Book Reviews -- By: Anonymous

Journal: Bibliotheca Sacra
Volume: BSAC 111:444 (Oct 1954)
Article: Book Reviews
Author: Anonymous

Book Reviews

The Message of Christianity. By Peter H. Monsma. Bookman Associates, New York. 1954. 124 pp. $2.75.

The purpose of this work is to restate the central tenets of the Christian faith in simple, forthright language that anyone can understand. The background of the author includes graduation from Princeton Theological Seminary with a Th.B. degree and from Columbia University with a Ph.D. degree, combined with a year of study under Karl Barth at the University of Bonn. The work therefore reveals the sensitivity of the author to both the liberal and conservative theological points of view as well as the relation of Christian theology to philosophy.

Beginning with an attempt to answer the question, What is religion? the author takes up in subsequent chapters such topics as “God,” “Creation,” “God’s Way of Life for Man,” “Man’s Sin,” “God’s Way of Salvation,” “The Kingdom of God,” etc. The book closes with several chapters on the witness to Christianity found in nature, history, and experience.

While the volume as a whole is to the right of contemporary liberalism, it falls considerably short of a true and Biblical conservative position. The careful reader, however, will detect a substratum of conservative theology. Dr. Monsma speaks of the self-limitation of God, but he nevertheless affirms that God is all-powerful, thereby denying the liberal concept of a finite God. Though not accepting the literal account of the creation of man, he definitely opposes the theory of evolution. There seems little question that the author accepts the deity of Christ though it is stated in popular terminology. While opposing what he calls “a crass interpretation”…”that God took the sin and guilt of man and literally transferred them to Jesus,” he nevertheless affirms that Christ “bore God’s judgment of our sin.” In his concept of the kingdom of God, he follows the amillennial interpretation which spiritualizes the kingdom and makes it solely existent in the present world. He affirms man’s destiny as having personal immortality, but he is not clear on the issue of bodily resurrection. He admits there is a judgment in the future for unbelievers, but he avoids the concept of eternal punishment.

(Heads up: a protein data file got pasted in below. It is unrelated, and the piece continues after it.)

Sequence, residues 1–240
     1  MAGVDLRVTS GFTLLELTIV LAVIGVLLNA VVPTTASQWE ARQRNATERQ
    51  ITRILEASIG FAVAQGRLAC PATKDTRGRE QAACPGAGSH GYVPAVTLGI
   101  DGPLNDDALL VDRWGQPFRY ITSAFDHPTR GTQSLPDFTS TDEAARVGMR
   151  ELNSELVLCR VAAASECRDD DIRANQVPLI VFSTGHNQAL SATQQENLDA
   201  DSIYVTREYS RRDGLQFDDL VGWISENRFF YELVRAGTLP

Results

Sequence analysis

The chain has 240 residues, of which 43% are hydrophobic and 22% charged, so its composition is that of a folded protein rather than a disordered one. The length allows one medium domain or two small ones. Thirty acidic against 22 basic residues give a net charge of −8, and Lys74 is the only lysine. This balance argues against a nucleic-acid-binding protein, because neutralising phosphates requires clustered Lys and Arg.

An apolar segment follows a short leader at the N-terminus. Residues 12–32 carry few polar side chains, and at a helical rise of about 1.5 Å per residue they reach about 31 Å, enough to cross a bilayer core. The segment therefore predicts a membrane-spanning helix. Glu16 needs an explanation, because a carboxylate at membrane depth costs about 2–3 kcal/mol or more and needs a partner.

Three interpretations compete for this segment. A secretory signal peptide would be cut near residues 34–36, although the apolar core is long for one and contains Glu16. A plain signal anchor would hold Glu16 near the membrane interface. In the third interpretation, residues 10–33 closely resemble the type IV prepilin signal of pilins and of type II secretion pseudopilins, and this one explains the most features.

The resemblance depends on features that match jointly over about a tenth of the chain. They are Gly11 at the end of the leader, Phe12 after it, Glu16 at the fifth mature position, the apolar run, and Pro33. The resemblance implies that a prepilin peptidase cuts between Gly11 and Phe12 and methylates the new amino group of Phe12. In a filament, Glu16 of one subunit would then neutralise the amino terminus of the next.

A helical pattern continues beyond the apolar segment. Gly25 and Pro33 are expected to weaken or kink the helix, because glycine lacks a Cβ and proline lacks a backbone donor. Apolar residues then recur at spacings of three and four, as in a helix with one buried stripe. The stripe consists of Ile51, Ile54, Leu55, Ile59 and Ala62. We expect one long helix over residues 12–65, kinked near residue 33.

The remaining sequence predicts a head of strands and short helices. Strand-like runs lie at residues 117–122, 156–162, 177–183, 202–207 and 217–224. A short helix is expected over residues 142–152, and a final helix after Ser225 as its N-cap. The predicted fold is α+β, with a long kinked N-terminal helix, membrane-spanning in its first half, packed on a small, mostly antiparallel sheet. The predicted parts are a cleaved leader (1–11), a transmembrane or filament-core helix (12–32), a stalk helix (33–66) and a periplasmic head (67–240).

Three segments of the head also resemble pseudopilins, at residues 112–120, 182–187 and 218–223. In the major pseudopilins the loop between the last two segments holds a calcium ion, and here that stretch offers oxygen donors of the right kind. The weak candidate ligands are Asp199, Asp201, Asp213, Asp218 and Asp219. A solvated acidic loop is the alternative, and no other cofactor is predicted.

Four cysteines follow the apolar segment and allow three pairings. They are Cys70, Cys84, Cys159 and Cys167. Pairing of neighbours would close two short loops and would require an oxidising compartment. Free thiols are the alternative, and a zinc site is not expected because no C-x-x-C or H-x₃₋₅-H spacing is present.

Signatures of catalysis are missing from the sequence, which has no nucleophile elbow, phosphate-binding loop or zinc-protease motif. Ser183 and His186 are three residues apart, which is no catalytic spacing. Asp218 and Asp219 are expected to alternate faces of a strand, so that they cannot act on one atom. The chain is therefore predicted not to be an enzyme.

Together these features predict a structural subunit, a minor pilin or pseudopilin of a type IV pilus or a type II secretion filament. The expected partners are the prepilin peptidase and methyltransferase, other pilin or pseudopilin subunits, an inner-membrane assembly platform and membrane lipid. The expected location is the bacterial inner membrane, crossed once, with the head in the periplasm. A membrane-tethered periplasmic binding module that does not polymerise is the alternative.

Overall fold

The main value of the book both to liberals and conservatives will be that it has restated many very difficult Christian doctrines in understandable language.

Regardless of theological point of view, this work will be a contribution in this area.

J. F. Walvoord

A Way of Survival. By Arthur W. Munk. Bookman Associates, New York. 1954. 159 pp. $3.00.


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